An irreverent look at all things Canadian and Israeli by a Canadian expat who somehow ended up in self-exile somewhere in the empty expanse of the Negev desert.
Friday, March 13, 2015
Curiouser and curiouser
I suppose I shouldn't be surprised that my children view me somewhat as a curiosity. Most people do. It just took my children a while to catch up, perhaps. And I suppose I am to blame. I left them partly on the outside most of their lives, beginning first and foremost with the language.
"So, you didn't speak English with them at home."
"Adva and I spoke Hebrew at home."
"But Adva knows English."
"And the English language is the greatest gift you could give them."
"I thought that giving them life was."
I sighed into the darkness.
"Anyway," I said, in a meagre attempt to defend myself, "I was fighting an uphill battle. I was changing country, language and culture. It was very important for me to adapt."
"Most new immigrants go through the very same thing."
"Yes, but with a significant difference."
"They are confident in their right to be here, and in others recognizing this right."
"And you aren't?"
I looked nervously around me to see if anyone was listening.
"I'm not Jewish," I whispered.
"Is that all you have to say?"
"Maybe I should go."
"You can't go, you are my muse."
"Yes, but wasn't there an escape clause about misinformation?"
"When did I ever feed you false information?"
"I don't know. I will have to have my lawyers look at this."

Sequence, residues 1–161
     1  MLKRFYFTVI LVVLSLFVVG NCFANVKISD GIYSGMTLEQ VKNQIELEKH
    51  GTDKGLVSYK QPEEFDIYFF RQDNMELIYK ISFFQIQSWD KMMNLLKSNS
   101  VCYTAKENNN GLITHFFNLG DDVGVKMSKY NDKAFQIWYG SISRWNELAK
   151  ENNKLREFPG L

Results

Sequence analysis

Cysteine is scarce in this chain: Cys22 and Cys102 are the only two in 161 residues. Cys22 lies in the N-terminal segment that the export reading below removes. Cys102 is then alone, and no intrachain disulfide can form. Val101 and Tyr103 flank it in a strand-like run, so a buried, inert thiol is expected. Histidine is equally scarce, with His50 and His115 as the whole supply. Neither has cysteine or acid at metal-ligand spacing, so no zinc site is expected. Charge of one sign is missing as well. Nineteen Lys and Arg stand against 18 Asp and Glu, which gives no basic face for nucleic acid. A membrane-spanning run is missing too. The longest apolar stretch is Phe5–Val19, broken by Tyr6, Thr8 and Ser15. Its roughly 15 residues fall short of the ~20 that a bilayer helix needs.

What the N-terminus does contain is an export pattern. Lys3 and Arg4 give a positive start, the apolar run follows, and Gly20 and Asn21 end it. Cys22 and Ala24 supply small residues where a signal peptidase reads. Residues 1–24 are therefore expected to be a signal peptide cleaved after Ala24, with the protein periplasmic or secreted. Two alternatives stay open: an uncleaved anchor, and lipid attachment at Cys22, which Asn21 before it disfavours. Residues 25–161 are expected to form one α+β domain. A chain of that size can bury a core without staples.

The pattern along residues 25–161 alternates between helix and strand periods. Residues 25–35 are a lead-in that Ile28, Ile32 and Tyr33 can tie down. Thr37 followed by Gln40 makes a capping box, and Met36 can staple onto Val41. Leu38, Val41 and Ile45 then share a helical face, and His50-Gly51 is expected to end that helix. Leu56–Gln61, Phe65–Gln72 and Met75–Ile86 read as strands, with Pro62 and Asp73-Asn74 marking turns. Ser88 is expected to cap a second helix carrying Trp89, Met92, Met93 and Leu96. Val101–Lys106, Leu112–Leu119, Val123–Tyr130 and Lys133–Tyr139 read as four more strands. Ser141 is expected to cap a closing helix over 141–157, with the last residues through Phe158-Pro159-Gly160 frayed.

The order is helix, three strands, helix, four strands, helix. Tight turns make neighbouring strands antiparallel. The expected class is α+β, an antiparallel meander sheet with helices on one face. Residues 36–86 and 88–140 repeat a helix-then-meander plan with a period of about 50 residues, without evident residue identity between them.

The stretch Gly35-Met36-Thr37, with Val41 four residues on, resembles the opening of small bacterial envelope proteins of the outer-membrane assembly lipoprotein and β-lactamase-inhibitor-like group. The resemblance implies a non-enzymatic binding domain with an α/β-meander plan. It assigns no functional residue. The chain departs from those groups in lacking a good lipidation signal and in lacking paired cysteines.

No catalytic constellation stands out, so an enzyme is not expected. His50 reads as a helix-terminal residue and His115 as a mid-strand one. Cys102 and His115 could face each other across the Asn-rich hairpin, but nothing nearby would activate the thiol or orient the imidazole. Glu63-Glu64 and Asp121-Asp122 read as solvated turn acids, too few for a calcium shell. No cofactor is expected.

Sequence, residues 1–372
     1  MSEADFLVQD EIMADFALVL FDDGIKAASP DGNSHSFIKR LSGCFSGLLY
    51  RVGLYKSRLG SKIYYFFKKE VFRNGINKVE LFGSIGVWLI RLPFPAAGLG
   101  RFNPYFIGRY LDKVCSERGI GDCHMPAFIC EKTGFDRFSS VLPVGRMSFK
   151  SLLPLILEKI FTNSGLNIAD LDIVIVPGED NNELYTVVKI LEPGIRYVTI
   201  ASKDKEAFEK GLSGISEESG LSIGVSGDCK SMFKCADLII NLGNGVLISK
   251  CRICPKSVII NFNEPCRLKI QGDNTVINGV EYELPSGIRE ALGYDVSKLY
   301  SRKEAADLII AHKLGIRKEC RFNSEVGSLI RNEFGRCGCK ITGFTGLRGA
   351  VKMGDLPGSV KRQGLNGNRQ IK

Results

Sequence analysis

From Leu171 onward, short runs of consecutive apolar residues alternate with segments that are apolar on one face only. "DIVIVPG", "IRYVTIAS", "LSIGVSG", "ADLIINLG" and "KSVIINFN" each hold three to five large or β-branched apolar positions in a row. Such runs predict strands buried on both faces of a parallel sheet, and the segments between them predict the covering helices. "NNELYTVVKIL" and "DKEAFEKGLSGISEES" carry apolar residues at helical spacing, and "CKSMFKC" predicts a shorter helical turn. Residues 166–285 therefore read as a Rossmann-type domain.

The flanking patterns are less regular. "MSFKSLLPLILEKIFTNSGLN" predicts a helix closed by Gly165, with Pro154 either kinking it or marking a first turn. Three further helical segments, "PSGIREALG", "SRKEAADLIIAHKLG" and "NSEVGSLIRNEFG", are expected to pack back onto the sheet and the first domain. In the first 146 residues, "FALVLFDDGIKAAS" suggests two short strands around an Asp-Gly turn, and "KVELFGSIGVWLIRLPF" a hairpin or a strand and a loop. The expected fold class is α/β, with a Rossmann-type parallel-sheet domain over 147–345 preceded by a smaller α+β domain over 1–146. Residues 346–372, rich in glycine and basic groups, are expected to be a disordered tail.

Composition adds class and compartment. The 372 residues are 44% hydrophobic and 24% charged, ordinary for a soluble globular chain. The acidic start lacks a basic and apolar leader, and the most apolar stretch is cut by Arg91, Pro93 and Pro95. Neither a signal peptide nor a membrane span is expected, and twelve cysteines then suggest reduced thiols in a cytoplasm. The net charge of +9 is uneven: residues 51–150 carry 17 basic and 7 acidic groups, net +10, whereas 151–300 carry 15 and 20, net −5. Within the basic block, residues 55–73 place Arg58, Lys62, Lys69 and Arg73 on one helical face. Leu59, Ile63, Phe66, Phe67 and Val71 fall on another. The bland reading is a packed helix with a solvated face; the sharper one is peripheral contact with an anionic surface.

"Okay, you've got me. One of the problems of living in Cyberspace."
"Are you going to help me with this or not?"
"Do I have a choice?"
"Okay, then I guess I am."
Silence. She always liked the dramatic effect of silence.
"So," she said, "you speak Hebrew at home, but with a Canadian accent. You are not Jewish, but your children are, because there mother is Jewish. They probably have no idea why you came to Israel in the first place and why you are still here... am I on track, so far?"
"Knock yourself out," I said.
"And you wonder why they consider you as a curiosity."
"You are missing the point."
"Was it as simple as that?" I thought to myself. What about the whole thing of getting old? Or was I trying to blame everything on getting old?
There are very few constants in life, things that I can state with certainty. But one is my children. They are the greatest part of my life. I would not take anything back. And now we have our first grandchild. And that is a real bonus to having children. They say that when your children are young, and they still don't know better, you are a superhero to them. But later they begin to see the flaws, and in their teens they wonder how anyone can be that stupid. Yet, in their early twenties, they are amazed at how much you have learnt in the past few years. And while you still have a very good relationship with them, you can never get back the magic. For they go on to create their own magic, through their own marriage and children.
And just when you are about to write yourself away, there is a grandchild. And you rediscover the magic through his/her eyes, letting you into a world you have almost forgotten. And I know that some day my grandchild will view me as a curiosity. But that doesn't disturb me. In the meantime, I will enjoy every moment.
Posted by dglloyd at 10:00 AM No comments:
Labels: accent, Canadian, children, curiosity, English, grandchild, growing old, Hebrew, Israeli, Jewish, language, magic, parents, relevance
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